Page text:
March 30, 2006

This little piggie cried “what the @#$%?!”

Today I visited Dr. Robinson, podiatrist to the stars my podiatrist. I’ve been having trouble with my big toe. It’s puffy, and red, and it stings. Whatever Brooklynite coined the phrase “the agony of da feet” knew what they were talking about. What? Oh, it’s “agony of defeat?” Ah. Never mind then.

Anyway, I went to see Dr. Robinson to have him check what I (and my BF) thought to be an ingrown toenail. Jeez, even reading those words, it’s just gross.

I’ve never had an ingrown toenail before, so I did a bit of research online. What I learned about treatment almost made me hurl. I hoped I wouldn’t have to endure the ickiness associated with any of that.

(If you’re eating, as you read this, what I’m about to describe could ruin your appetite. If you have a queasy stomach, do not continue. Go look at my cat making biscuits instead.)

Sho’nuff, our diagnosis was correct, but alas, I would not be spared the required treatment. Dr. Robinson put up a barrier so I couldn’t see what he was doing to my foot, and he explained the procedure as it progressed. I appreciated the barrier (aka barf shield) because if I had to watch, surely I’d have tossed my cookies.

Dr.: First I will spray a little anesthetic to numb the outside of the toe a bit.
(Spray hits toe.)
Me: Mmmkay. (Heh. That’s kinda tingly and cold. Nice. This might not be so bad.)
Dr.: Now I’ll inject something to numb the entire toe. It’ll start to feel like there’s a scarf wrapped around it.
Me: Mmmkay.
Dr.: I want you to count backwards from 100 to 1.
Me: Mmmkay.
Dr.: By threes.
Me: Uh…
Dr.: Or by ones is okay too.
Me: One hundred, ninety-seven, ninety-(dammit!)-four, ninety-one (mother @#$%!), eighty-eight, eighty-five, uhm, eighty-two, (holyshitthatneedlehurts!) seventy-nine, seventy-six, (How big IS* that needle anyway?) seventy-three (KELLY CLARKSON!!!), seventy, sixty-seven, six…six (S’cuse me, but when does the numbing start?) sixty four, sixty-one, fifty (Hey! I think it’s over) eight, fifty-five…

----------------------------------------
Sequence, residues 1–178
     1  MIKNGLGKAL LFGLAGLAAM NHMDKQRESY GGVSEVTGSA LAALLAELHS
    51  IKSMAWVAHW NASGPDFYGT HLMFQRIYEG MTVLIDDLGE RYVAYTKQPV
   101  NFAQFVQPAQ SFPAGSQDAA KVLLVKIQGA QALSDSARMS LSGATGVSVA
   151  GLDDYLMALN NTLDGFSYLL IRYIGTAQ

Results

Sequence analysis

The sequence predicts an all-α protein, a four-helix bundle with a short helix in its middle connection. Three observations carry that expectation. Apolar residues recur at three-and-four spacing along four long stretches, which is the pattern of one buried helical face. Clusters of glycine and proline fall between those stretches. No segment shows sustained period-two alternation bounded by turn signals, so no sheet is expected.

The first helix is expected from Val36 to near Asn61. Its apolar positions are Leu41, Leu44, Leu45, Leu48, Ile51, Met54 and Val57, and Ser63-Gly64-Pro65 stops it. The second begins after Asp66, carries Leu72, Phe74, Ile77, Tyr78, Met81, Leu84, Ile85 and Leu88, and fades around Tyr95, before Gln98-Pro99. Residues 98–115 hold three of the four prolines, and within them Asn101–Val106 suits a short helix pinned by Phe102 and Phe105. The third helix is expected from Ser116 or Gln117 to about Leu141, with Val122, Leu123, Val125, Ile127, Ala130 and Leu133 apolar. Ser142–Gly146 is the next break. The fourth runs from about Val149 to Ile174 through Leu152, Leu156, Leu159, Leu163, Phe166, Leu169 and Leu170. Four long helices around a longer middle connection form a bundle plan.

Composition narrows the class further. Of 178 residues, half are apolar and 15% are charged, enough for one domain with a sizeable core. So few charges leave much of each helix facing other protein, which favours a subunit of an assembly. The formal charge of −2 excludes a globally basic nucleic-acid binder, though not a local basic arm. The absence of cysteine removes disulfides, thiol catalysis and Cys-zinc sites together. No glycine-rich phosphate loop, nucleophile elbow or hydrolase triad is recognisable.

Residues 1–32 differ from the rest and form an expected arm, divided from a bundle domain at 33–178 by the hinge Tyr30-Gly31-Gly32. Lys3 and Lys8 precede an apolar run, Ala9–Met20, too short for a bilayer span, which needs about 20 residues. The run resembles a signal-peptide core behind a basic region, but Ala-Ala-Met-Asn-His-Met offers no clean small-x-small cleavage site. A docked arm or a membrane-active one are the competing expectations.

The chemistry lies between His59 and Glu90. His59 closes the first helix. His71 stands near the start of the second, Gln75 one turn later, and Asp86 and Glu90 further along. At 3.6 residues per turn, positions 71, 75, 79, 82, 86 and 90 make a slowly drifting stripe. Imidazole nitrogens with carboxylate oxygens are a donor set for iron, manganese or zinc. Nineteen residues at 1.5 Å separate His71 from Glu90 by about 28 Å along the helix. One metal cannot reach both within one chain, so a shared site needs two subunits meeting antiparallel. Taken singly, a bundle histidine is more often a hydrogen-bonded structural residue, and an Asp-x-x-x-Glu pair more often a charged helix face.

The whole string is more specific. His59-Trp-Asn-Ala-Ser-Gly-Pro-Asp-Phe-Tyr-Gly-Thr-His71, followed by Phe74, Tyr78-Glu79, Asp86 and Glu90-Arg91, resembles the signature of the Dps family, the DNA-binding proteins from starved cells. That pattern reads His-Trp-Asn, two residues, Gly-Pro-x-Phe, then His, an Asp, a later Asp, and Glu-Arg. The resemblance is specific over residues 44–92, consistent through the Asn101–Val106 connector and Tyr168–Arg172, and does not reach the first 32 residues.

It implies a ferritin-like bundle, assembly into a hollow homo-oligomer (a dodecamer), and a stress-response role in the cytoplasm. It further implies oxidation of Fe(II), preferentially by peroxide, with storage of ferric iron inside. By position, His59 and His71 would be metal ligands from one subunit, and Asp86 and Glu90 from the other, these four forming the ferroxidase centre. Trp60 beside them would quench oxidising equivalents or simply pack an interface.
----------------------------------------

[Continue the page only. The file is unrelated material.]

Dr.: You can stop now. Nice job with the counting.
Me: Yeah, nice distraction, but it still hurts (but I won’t cry or throw up).
Dr.: It’ll take about 10 minutes to get numb and then I’ll come in and Cut Out the Ingrown Part of the Nail.
Me: (Gulp.) Mmmkay.

As I sat there awaiting more torture, I looked through Running magazine. I found an interview with Dean Karnazes about how he manages to run for hours and hours, all over this planet, and not quit.

I first heard about Dean Karnazes when he was a guest on The Late Show. His passion for running fascinated me and I went out and bought his book the next day. When I was diagnosed with psoriatic arthritis (PA), I had to stop running, and that depressed me, so I never finished the book. Lately the PA isn’t bothering me so much, and I’m registered to run my first 1/2 marathon, barring any future ingrown toenails.

My toe started to feel kind of funky. As if it was expanding to gargantuan proportions like Fred Flintstone’s does when he drops a bowling rock on his foot. (On second thought, I think Fred’s toe smashes flat to the floor.) The imaginary scarf the doc mentioned tightened slightly, it’s warm fuzziness gently comforting my frightened hallux.

The nurse arrived to sterilize my toe. At first glance, the bristles on her scrubby brush made me cringe, but when she started to use it, I felt nothing. Whew. Then she poked (I guess) at my toe and asked if it hurt. Again, nothing. She told me I was ready for the doctor.

As he snipped away at the nail, I couldn’t help but wonder (look at me, I’m Carrie Bradshaw now) How much of my easiest-to-polish nail would remain? Would I be able to wear flip-flops this summer without scaring people? Would my pedicurist shudder at the sight of my newly-deformed toe? These are of course, very important questions. Forget the benefits of feeling better or avoiding such grossness and discomfort as an abscess. It’s all about appearance, folks.

The “surgery” took only a couple of minutes. When he was finished wrapping it, I saw him reach for a pen and figured he was going to date the bandage. When he lifted up the barricade, I saw why he needed the pen:


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